Spiritual Refugees in Search of Home

Staff_McDermott, TomThe poet Maya Angelou spoke of the lifelong journey of faith. She said, “I’m always startled when people walk up to me and tell me they are Christians. My first response is an honest question, ‘Already?’”

A friend of mine tells the story of how fear of hell drove him to Christianity and the Baptist church as a teenager and how fear of Christians drove him away a number of years later. He discovered that much of what they taught and did and said made less and less sense or was outright contradictory and cruel. As he asked more questions and disagreed more with what he heard, the church community began to ignore him rather than dialogue with his doubts. “Eventually,” he said, “I just felt like I didn’t belong. It was pretty clear there was no room for being different or thinking about spirituality differently. It’s like that scared folks and they just moved into tighter, exclusive circles. It felt a lot like middle school!”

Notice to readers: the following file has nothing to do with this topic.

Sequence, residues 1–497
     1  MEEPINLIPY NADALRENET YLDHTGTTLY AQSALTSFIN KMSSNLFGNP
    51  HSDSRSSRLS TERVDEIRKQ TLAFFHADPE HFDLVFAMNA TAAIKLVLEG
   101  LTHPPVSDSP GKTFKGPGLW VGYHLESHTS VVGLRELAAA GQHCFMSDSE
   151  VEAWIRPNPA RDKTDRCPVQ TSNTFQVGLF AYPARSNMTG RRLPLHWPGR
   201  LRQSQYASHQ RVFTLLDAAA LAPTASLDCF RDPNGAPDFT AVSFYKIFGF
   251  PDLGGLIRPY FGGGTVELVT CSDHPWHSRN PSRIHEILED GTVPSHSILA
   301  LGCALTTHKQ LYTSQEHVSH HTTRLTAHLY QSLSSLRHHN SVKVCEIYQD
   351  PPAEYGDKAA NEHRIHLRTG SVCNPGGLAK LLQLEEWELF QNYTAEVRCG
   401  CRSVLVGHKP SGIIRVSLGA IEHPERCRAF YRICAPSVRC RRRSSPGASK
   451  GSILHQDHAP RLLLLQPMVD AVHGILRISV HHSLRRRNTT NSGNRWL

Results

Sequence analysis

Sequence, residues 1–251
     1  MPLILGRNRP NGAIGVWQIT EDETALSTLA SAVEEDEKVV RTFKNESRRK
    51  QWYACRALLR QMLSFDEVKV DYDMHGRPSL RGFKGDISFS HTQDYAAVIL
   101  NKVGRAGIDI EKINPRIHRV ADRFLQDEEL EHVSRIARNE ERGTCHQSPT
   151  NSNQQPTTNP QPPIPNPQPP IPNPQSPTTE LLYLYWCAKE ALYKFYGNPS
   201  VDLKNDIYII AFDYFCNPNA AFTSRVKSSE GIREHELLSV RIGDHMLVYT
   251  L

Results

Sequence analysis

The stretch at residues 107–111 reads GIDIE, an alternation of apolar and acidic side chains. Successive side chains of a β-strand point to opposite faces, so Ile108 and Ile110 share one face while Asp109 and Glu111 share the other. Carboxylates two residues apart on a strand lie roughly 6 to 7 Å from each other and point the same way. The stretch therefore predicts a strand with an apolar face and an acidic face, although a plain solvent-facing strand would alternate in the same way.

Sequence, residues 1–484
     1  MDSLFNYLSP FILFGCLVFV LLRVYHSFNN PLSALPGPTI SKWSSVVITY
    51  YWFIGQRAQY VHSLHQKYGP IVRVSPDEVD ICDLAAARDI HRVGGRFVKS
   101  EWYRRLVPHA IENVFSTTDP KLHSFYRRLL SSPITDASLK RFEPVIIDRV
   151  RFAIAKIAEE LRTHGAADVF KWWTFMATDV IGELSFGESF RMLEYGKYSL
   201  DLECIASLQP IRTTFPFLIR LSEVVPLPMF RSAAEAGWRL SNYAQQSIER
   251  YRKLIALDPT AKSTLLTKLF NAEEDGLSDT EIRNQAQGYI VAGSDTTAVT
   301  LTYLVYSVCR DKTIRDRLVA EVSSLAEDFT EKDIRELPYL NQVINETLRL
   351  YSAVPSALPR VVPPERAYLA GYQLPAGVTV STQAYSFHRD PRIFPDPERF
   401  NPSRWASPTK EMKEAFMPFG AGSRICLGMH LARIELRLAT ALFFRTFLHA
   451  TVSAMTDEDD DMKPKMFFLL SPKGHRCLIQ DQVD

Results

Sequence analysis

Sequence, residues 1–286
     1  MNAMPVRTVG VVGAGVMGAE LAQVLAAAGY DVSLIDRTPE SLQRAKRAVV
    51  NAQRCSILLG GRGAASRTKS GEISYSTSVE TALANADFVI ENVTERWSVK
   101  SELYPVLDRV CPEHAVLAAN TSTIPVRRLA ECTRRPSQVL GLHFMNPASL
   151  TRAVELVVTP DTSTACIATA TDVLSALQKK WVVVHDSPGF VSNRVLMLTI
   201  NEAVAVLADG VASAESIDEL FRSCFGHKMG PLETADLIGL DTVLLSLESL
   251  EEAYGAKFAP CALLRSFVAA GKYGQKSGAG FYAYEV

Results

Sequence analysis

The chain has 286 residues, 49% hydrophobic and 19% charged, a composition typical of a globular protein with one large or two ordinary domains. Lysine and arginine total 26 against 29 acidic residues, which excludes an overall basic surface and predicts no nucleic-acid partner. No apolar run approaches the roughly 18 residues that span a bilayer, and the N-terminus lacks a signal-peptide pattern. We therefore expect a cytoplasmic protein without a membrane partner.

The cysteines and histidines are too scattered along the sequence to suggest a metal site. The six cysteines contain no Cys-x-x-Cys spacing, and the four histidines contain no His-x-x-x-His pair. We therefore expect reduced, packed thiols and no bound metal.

It’s easy for some folks to tell others what Christianity is, to convince others how they need to act or what to believe in order to be a Christian. In-groups have always been a determining factor in how others come to think about something, if only because we want to belong to the in-group, to experience community and friendship, to feel like we’re doing things right. But Christianity is a journey, not a destination. As my Uncle Mac would say to me, “You won’t see something for what it really is until you stop looking at it for what it isn’t.”

For the next five weeks, in nine:thirty-nine and eleven:eleven celebration, we’re looking at what it means to be a spiritual refugee and how we move from what we used to think, to how we think now, to where we go from here. Is it once a spiritual refugee always a spiritual refugee? How does faith limit us and how does it open us up?

See you then,


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